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This article in AJ

  1. Vol. 77 No. 2, p. 219-224
     
    Received: Nov 21, 1983


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doi:10.2134/agronj1985.00021962007700020011x

Endomycorrhizal Fungi in Breeder Wheats and Triticale Cultivars Field-Grown on Fertile Soil1

  1. J. L. Young,
  2. E. A. Davis and
  3. S. L. Rose2

Abstract

Abstract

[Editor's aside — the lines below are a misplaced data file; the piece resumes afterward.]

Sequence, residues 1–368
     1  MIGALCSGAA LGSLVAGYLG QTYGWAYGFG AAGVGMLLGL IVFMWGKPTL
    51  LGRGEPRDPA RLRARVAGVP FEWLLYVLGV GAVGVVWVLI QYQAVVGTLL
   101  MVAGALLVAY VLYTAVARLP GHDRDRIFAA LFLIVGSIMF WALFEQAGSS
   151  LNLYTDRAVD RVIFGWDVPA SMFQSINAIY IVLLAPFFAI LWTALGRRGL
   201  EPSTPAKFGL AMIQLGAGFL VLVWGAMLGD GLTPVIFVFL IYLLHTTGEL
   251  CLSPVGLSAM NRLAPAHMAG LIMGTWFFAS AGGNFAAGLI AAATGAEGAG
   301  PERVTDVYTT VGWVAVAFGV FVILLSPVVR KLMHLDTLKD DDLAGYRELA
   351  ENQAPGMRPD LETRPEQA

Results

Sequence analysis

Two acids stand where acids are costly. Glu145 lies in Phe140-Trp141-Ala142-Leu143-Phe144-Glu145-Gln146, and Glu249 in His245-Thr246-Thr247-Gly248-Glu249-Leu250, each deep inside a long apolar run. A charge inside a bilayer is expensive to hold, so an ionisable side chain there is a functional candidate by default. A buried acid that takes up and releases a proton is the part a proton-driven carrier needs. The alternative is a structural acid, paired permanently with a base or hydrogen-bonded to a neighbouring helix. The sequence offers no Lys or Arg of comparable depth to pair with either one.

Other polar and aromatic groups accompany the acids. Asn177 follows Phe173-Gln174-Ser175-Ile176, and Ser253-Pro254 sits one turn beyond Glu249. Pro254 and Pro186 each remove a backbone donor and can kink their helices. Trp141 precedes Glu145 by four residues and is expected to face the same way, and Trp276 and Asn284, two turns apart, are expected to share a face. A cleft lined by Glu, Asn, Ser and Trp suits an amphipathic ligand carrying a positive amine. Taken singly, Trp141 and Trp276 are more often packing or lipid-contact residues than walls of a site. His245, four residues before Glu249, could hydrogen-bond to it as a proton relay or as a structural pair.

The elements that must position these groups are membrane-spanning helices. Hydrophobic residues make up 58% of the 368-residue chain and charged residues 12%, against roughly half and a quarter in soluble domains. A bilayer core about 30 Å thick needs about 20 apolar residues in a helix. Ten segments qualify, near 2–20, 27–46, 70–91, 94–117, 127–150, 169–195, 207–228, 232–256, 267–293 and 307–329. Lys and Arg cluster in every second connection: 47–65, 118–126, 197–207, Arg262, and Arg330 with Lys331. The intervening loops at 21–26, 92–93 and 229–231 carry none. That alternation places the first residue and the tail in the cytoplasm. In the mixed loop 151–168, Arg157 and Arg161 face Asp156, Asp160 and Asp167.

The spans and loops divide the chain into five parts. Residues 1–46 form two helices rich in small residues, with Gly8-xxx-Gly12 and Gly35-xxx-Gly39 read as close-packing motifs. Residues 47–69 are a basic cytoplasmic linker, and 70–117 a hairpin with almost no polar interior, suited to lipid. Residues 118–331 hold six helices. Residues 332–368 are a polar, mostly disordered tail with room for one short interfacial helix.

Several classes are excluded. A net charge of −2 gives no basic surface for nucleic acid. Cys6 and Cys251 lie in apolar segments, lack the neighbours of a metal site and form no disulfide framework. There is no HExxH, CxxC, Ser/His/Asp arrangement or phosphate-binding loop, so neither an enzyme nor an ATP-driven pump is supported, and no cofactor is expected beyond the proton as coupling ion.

A survey of four cereal research fields growing various commercial and breeder wheat (Triticum aestivum L.), and triticale (X Triticosecale), cultivars revealed the presence of several endomycorrhizal fungi in soils with elevated levels of available P. Extractable (Bray) P levels of sampled fields ranged from 73 to 119 mg kg−1-this in an area where unirrigated wheat yields may exceed 5500 kg ha−1 (> 100 bu acre−1) and the Extension Service “Fertilizer Guide” calls for no P fertilizer additions on grains when soil test values for P are >30 mg kg−l. Cortex colonizations among the >60 breeder and commercial wheat cultivars (sampled just preharvest) were variable and relatively low (range <2 to >18%) partly due to declining root tissues at this stage. Atrophied fine feeder roots and degraded cortical areas were common, yet, in many cases, moderately abundant external hyphae remained adherent to weakened root segments, despite rigors of washing, clearing, and staining. Triticale roots, among the 12 cultivars sampled, were also colonized but at lower percentages (range, 1 to 13%). Vesicular-arbuscular mycorrhizal (VAM) fungi isolated from the well-fertilized fields included several Glomus spp., Acaulospora laevis, and an occasional Sclerocystis sporocarp. The A. laevis and a Glomus mosseae type were by far the most common endophytes in terms of spores recovered. Of these isolates tolerating the plentiful soil P status, the Gl.. mosseae-type spores predominated at pH‘s 5.7 and 6.3. Acaulospora laevis spores greatly dominated in the strongly acid field (pH 4.3 to 4.8) although the Gl. mosseae began to reestablish/recompete where liming nudged the soil back to ~pH 5.7. The abundance of A. laevis spores found with the monocotyledonous wheats contrasts with a published suggestion that Acaulospora species develop in association with dicot hosts. One hopes that bioassay of such higher-fertility tolerant species will lead eventially to discovery of effective VAM fungal isolates that can still benefit crops despite high-input fertilizer, pesticide, or water management practices.

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